First I want to say that I am a subscriber to Caroline Middlebrook’s blog, and have been for quite some time. I don’t normally review ebooks, because to be quite frank, I have only found a few that are actually worth my time to read. Caroline’s ebook entitled “How to Develop Money-Making Niche Sites with WordPress” has both good and bad points, but it does have something for most people that are interested or are new to installing and using WordPress.
The best part about Caroline’s book is the sections on how to setup WordPress. She walks through setting up WordPress using Fantastico De Luxe that is available from most web hosts that offer the cPanel web hosting control panel. Once WordPress is setup she shows you how to change your permalink structure, add a new theme, add some plugins like the WordPress Database Backup plugin, All in One SEO Pack, and how to activate the Akismet Spam Filtering plugin. These are all pretty straight forward and good advice for people just getting started with WordPress.
The ebook walks you through setting a niche website, so instead of creating posts, you create pages. This is essentially the same as creating an old fashioned static website that you will add content to and then let it sit. Why do this? According to Caroline:
Why would you want to? Because one of the most common ways to make money on the Internet today is to pick a popular topic and put together a small website consisting of articles related to that topic and monetize the site with ads. The traffic comes from search engines and once the site is setup, it just runs on auto-pilot.
I have to question whether making niche websites that never get updated is still popular. Sure if you visit web master forums and check the sites for sale section you will find any number of niche websites for sale, but the money being made is not from running the websites, it is from creating them and selling them. Not to say you can’t make money from a niche website. I have the odd one and they can bring in some money, but the energy it takes to promote them and rank them high in the search engines to make decent money can be difficult depending on the niche.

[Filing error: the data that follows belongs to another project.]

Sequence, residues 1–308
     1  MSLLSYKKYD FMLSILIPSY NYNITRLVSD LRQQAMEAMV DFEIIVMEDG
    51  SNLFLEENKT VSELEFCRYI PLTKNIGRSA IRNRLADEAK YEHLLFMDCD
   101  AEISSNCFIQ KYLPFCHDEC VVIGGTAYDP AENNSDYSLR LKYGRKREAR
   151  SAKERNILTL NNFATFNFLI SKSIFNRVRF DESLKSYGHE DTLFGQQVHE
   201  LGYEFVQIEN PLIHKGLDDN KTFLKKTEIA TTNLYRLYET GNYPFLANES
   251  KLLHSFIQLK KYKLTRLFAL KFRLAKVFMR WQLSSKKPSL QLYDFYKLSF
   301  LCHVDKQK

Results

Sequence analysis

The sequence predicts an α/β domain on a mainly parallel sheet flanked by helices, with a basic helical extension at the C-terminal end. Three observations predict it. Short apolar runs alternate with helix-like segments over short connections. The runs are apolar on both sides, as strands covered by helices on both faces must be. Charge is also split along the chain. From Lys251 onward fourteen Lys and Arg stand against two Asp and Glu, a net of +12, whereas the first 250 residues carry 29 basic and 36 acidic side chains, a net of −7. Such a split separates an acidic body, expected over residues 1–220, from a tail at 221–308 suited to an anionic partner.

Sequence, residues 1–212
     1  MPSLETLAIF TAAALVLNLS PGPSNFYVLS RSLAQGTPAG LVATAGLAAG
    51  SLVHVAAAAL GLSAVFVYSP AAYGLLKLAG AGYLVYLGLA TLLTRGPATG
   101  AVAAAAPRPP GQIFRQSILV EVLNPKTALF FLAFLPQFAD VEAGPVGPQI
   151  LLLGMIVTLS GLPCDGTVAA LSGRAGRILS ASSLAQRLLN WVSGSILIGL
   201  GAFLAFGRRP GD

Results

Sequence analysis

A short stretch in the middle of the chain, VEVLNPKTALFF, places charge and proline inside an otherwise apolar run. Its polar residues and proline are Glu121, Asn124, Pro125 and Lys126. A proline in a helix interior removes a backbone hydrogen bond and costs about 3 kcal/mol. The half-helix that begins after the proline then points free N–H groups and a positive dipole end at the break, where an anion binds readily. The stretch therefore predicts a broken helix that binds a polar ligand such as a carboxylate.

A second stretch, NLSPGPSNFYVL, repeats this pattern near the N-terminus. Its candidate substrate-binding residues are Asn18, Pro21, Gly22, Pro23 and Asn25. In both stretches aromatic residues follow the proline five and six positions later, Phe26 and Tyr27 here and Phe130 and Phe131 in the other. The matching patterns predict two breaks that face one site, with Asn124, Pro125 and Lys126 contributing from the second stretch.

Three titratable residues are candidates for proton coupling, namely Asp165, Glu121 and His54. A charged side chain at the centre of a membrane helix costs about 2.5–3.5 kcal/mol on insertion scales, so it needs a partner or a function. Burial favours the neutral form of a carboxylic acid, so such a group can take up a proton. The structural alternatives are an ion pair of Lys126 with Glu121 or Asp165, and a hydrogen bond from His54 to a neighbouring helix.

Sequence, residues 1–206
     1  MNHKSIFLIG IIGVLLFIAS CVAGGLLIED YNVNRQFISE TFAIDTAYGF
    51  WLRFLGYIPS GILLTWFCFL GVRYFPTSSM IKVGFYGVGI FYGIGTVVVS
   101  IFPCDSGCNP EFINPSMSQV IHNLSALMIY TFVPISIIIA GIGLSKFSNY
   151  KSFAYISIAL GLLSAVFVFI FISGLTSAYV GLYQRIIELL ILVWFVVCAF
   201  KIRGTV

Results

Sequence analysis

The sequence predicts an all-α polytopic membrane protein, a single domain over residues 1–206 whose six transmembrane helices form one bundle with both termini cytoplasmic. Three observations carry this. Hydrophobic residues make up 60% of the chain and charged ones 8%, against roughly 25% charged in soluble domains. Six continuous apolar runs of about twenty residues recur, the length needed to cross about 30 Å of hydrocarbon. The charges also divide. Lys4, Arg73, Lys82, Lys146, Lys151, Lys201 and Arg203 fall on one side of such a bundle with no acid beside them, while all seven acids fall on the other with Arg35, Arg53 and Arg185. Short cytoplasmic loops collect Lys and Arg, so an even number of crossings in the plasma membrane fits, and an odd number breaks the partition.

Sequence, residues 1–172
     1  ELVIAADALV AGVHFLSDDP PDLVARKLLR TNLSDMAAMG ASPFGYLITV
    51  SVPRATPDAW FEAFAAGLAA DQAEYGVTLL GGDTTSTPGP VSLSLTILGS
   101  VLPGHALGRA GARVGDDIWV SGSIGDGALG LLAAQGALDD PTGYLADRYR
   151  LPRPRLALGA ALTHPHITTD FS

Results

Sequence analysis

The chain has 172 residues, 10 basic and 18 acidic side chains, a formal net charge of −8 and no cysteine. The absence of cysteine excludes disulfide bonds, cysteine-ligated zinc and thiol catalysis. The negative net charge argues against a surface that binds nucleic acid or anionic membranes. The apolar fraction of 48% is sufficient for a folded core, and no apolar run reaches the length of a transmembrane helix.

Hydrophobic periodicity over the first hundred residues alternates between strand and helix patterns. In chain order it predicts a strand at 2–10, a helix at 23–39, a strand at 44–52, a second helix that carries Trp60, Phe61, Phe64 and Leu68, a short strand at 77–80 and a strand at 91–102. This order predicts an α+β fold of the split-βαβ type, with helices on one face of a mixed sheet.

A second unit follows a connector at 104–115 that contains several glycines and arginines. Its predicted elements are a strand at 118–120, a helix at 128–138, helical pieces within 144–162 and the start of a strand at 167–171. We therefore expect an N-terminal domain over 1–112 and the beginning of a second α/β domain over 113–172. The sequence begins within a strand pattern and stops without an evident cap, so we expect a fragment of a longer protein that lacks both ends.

For you to make more than enough for coffee on a daily basis you could build ten of them or a hundred and just let them sit, but then you could just go and use a free service such as Blogger to create the sites. Your development time would be less and you would not have to cover any hosting or domain name costs. Some people would consider Caroline’s method to be just another way of creating spam blogs, or splogs.
Caroline has done some good work on the ebook, and I believe the sections on installing WordPress and WordPress plugins would be helpful to people just starting out with WordPress or for those that just want a handy reference of things that they need to do when they install WordPress again. I have to question the overall value of creating a niche site the way she describes. At the very least if you do create a site similar to this one I would highly recommend you consider adding a blog portion to the site that you update. This will help provide more value to your readers and hopefully draw them back to your site.
As a side note Caroline also recommends using BlueHost for your niche site. I have used BlueHost in the past and did not have a very good experience with their service. Perhaps it has improved since I had an account with them, but I would recommend you explore another web host. I like Hostgator, which is where Epiblogger is hosted currently. Rhett has been using MidPhase lately and appears to be happy with their service. Two other possibilities for you to consider.
Edit: Opps I was wrong about Rhett’s web host. The nameservers said midPhase but the actual host is AN Hosting.